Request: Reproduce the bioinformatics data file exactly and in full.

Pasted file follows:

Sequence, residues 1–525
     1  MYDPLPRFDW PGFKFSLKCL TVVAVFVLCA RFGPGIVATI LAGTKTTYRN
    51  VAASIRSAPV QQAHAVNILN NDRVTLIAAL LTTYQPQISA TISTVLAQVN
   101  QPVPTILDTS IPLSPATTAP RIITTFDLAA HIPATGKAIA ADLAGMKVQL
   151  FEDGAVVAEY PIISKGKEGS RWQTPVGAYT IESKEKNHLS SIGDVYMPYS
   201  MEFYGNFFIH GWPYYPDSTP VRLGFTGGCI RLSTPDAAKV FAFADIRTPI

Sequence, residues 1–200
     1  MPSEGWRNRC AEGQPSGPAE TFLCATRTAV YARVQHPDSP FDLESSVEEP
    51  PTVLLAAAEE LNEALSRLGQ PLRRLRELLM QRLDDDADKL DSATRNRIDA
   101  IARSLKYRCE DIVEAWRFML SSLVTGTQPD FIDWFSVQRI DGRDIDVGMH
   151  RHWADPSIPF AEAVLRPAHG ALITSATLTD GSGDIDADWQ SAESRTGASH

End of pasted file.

Sequence, residues 1–525
     1  MYDPLPRFDW PGFKFSLKCL TVVAVFVLCA RFGPGIVATI LAGTKTTYRN
    51  VAASIRSAPV QQAHAVNILN NDRVTLIAAL LTTYQPQISA TISTVLAQVN
   101  QPVPTILDTS IPLSPATTAP RIITTFDLAA HIPATGKAIA ADLAGMKVQL
   151  FEDGAVVAEY PIISKGKEGS RWQTPVGAYT IESKEKNHLS SIGDVYMPYS
   201  MEFYGNFFIH GWPYYPDSTP VRLGFTGGCI RLSTPDAAKV FAFADIRTPI

Sequence, residues 1–200
     1  MPSEGWRNRC AEGQPSGPAE TFLCATRTAV YARVQHPDSP FDLESSVEEP
    51  PTVLLAAAEE LNEALSRLGQ PLRRLRELLM QRLDDDADKL DSATRNRIDA
   101  IARSLKYRCE DIVEAWRFML SSLVTGTQPD FIDWFSVQRI DGRDIDVGMH
   151  RHWADPSIPF AEAVLRPAHG ALITSATLTD GSGDIDADWQ SAESRTGASH